It was clear in Romans 1 that the world's in quite a big mess and that people really need the gospel of Jesus to fix the root problem. But what about people whose lives don't look very messy? Do they need the gospel too? Or will they get along ok without it?

In Romans 2:1-11 Paul moves to address this very question by turning his attention the person who is so busy applauding God's judgement of wicked people that they fail to notice their own shortcomings which place them firmly in the same boat.

If the pot was rather enjoying the close up shot of the kettle's charred exterior, Paul pans the lens over to the pot itself to highlight its very own blackened base, which is in for the same treatment. Paul's conclusion is that all people who've sinned, no matter how superior they think they are, face God's future judgement because God judges impartially, on the basis of people's deeds.

So what does this mean for us? Before we jump into rebuking ourselves for our own finger pointing (right as that may be in general), we should take a moment to ask what Paul is aiming to achieve by telling us this. We've seen already that Paul is writing to Christians, yet here he is highlighting the problem of people who have "hard and impenitent hearts" (Romans 2:5) and who think they don't deserve God's judgement, ie people who have neither understood nor responded to the very basics of the gospel.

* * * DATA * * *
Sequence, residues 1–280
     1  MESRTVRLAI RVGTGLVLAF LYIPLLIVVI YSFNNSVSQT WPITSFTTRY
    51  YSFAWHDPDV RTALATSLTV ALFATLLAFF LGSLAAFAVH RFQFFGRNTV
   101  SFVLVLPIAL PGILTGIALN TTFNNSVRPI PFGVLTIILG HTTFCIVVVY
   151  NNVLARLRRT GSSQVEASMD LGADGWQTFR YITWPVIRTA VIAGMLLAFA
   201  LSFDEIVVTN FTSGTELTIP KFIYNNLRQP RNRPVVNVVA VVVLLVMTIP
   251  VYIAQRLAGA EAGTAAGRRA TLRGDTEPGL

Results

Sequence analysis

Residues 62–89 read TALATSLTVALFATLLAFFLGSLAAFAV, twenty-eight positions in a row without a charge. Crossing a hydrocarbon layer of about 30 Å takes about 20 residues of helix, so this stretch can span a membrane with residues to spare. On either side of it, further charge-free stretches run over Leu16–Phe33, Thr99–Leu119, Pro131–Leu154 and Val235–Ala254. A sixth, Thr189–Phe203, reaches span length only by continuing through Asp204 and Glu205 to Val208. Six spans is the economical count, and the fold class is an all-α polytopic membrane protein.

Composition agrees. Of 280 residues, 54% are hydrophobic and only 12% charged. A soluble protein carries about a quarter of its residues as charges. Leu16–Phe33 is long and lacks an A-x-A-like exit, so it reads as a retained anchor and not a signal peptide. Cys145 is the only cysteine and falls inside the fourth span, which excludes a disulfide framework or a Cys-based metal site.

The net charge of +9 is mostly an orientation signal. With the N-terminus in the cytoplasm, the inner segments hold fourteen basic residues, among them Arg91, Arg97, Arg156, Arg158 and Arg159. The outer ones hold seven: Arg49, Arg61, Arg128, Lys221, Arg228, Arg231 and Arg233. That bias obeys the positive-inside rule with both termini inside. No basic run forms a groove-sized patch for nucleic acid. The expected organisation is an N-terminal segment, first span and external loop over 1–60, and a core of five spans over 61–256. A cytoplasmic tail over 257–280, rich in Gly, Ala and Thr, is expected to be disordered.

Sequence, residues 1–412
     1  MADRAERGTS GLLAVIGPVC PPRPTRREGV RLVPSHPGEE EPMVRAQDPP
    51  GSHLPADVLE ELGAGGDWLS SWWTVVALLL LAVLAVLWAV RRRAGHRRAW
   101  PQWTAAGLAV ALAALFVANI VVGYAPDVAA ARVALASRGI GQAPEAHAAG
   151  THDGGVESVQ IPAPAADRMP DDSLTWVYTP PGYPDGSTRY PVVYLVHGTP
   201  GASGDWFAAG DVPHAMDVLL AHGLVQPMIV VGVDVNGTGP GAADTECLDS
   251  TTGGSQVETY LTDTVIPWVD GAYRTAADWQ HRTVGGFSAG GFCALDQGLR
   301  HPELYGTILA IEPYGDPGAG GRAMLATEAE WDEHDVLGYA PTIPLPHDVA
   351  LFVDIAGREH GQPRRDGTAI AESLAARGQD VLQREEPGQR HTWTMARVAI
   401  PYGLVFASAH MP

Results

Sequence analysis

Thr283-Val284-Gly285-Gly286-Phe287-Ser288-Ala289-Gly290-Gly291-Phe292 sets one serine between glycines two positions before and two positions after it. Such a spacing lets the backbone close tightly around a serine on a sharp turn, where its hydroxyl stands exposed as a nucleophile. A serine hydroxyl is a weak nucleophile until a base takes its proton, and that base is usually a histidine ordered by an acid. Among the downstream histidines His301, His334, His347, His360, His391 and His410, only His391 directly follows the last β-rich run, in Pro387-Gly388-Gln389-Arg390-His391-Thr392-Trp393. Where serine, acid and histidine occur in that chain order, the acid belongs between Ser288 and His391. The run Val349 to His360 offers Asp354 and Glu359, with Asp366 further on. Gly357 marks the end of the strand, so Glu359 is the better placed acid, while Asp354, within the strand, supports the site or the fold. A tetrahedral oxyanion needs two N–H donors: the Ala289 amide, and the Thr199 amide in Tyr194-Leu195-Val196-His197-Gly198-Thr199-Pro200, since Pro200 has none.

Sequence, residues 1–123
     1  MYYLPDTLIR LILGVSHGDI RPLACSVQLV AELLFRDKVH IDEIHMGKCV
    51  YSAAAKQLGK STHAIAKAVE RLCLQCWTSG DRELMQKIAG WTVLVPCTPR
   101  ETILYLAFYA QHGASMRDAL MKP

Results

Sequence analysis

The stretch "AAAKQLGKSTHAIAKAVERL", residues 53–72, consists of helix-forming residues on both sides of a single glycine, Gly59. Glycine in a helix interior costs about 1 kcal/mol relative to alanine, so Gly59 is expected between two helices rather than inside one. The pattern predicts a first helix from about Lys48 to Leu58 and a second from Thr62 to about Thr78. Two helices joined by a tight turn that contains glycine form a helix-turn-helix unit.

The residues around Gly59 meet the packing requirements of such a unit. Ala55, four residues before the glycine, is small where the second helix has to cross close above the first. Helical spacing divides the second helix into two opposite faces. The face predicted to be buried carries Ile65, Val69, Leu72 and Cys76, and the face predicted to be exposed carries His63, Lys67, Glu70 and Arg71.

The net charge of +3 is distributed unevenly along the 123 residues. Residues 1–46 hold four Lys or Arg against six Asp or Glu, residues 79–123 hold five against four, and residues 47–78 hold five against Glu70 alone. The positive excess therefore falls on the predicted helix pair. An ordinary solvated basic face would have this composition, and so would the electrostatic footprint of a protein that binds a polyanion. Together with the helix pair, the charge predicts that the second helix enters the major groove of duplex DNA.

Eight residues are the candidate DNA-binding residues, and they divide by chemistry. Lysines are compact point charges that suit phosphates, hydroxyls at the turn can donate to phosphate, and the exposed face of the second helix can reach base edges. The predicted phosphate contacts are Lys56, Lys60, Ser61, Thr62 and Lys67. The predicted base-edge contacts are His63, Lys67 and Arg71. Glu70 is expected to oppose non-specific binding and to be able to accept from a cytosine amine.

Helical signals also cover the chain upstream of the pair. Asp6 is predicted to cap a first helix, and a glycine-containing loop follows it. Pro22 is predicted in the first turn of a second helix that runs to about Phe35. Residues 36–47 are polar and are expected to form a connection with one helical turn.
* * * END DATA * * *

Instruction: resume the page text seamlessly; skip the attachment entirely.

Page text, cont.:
Well if Paul's aim isn't to rebuke us, what is it? We find a clue if we go back to the starting point for his big argument (Romans 1:16-17). Paul is persuading us of how great and how necessary the gospel is by showing us how absolutely nobody can survive without it. He is saying that everybody, pots and kettles alike, are facing God's wrath on the day of God's judgement, and therefore everybody needs the gospel.

If we miss Paul's aim in writing, we won't be as amazed by the gospel as we should be. Why not spend some time allowing this truth to increase your amazement at the gospel? Here are some questions to get you started:

  • How would you answer someone who said to you that they're a pretty good person so really would prefer it if you didn't patronise them by suggesting that they need Jesus?
  • How has this passage given you a bigger view of the gospel?